News & Opinion

Ryder Cup format alters NBC’s game plan

SAINT-QUENTIN-EN-YVELINES, France – Organizers are anticipating the biggest crowds ever for this week’s Ryder Cup, with 60,000 fans a day expected to show up in full voice at Le Golf National near Paris.

Everyone else will be watching on TV – or on a phone or tablet.

The couch-viewing experience might lack the thrill of listening to European fans serenading their golfing heroes with witty songs and of hearing American fans bellow “U-S-A! U-S-A!”

On the other hand, the couch is close to the fridge, and you don’t even have to pretend to be trying to speak French or convert dollars into euros.

Some might even watch while lying in bed, as coverage of the matches starts at 2 a.m. Eastern on Friday (Golf Channel) and Saturday (Golf Channel/NBC) and at 6 a.m. on Sunday (NBC). Replays will air later in the day, of course.

The couch-eye view will be quite different for the Ryder Cup than it is for a typical PGA Tour event, and not just because of the extra decibels, according to fairway foot soldier Mark Rolfing, who will be traipsing for NBC and analyzing for Golf Channel all week.

“The Ryder Cup focus is at the first hole,” said Rolfing, whose first Ryder Cup was in 1991 at Kiawah Island. “The culmination of all activity is at No. 1 whereas at most tournaments it's at No. 18, working backwards.”

The reason is that in match play, no one knows which matches, if any, will make it to the 18th green. Commonly, many end at Nos. 15-17.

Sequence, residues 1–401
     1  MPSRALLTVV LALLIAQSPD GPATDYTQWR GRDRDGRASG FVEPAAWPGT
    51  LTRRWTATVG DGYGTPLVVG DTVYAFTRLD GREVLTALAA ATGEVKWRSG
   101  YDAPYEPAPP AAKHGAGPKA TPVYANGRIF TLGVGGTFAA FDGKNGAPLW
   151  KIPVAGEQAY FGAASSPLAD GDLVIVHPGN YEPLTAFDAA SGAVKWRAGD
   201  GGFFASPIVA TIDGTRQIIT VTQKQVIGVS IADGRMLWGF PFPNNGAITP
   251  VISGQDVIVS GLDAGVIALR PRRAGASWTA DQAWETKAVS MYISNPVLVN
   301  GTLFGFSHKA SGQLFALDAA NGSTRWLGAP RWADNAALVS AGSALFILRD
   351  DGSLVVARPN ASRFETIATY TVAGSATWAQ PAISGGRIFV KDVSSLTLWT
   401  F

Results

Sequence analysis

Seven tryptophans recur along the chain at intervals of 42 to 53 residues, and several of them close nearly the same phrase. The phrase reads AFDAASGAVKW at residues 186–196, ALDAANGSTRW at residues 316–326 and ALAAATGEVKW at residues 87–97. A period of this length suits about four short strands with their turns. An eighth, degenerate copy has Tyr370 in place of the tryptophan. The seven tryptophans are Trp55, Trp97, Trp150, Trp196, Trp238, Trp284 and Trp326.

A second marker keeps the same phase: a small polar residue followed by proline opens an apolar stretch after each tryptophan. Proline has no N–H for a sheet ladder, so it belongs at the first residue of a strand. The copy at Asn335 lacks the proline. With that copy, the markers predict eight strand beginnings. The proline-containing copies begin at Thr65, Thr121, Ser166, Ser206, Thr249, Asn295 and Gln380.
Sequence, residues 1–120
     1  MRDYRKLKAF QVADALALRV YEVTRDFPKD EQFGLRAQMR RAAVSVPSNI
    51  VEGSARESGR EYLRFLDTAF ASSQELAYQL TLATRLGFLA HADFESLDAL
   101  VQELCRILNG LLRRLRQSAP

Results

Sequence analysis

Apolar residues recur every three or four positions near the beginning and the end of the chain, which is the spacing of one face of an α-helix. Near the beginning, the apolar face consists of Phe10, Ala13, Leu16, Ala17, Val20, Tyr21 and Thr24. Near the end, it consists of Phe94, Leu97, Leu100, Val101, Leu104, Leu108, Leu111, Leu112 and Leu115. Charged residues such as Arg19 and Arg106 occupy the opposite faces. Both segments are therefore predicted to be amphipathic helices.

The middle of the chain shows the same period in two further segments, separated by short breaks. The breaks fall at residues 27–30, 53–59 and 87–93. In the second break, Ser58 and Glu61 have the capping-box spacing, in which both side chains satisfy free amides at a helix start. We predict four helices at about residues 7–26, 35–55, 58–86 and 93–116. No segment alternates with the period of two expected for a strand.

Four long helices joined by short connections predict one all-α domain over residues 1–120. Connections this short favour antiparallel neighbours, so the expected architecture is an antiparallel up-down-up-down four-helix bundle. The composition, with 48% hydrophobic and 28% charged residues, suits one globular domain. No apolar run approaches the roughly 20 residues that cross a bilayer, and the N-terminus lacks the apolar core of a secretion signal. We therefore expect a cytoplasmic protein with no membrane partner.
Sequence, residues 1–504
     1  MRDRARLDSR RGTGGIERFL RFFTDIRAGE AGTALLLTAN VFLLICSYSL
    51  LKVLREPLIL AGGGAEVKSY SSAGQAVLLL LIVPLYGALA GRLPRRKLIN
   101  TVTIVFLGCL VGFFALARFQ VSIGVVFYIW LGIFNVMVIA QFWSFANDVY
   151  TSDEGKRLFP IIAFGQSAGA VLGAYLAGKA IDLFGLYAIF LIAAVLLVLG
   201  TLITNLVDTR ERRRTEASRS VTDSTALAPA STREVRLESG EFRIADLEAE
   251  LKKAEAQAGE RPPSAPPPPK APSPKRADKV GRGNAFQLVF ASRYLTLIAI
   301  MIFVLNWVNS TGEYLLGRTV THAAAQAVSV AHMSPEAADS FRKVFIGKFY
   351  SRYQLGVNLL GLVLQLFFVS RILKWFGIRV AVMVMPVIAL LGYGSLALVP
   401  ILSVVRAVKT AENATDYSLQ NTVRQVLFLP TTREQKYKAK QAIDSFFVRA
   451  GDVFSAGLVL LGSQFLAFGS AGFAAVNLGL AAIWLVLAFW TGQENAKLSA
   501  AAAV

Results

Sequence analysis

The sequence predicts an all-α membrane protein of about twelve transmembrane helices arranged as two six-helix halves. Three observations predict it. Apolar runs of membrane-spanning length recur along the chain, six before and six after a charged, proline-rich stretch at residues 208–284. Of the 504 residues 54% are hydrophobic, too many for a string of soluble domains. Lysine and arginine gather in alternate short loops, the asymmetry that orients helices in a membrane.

And, of course, No. 1 is where tournament organizers have constructed huge grandstands. Massive European crowds are expected to exhort their team to take back the cup, which they lost at Hazeltine two years ago.

“What you’re going to see in Paris more than anything is the grandest arena ever assembled for a first hole,” Rolfing said. “It’s going to be more than double the size of any first-tee setup ever… You’ll have singing, and dancing and chanting… Sometimes it’s so loud you can’t even hear yourself talk.”

Another difference will be how the event is covered compared to a PGA Tour stroke-play tournament.

In a typical Tour event, the director jumps the broadcast back and forth from one hole to another. Viewers watch Player A make a birdie, for example, and the camera immediately moves to another hole where Player B is making, say, a bogey. The two shots are relevant to each other because of how they immediately affect the leaderboard.

In the case of team match play – say four-ball (best ball, as it’s commonly known) – the camera will linger on one group because the shots within that group are relevant to one another.

“In four-ball, you have to show pretty much all four shots to have any relevance to those shots,” Rolfing said. “If you come to the Americans, say, and the Europeans have already hit, you absolutely have to describe to the viewer what the Europeans have already done.”

As it did with the British Open, NBC/Golf Channel will saturate the airwaves with Ryder Cup coverage. The matches will run live Friday-Sunday, but the studio commentators at Golf Central Live from the Ryder Cup already are in full throat, with coverage having started Tuesday. In fact, they’ve already run a three-part primer called Road to the Ryder Cup. If you missed it, you’re 1 down, so it’s time to start paying attention.

“For the players, the Ryder Cup is the most suffocating pressure of any tournament I’ve ever seen,” Rolfing said. “And I would say that for the broadcasters, it’s kind of the same.”

Oh, and Tiger Woods just won his first tournament in five years. Now, that should create some interest.

Barry Cronin, a former golf writer with the Chicago Sun-Times, is media director for the John Deere Classic and head of Cronin Communications. He lives in Park Ridge, Ill. Email: bcronin@cronincommunications.com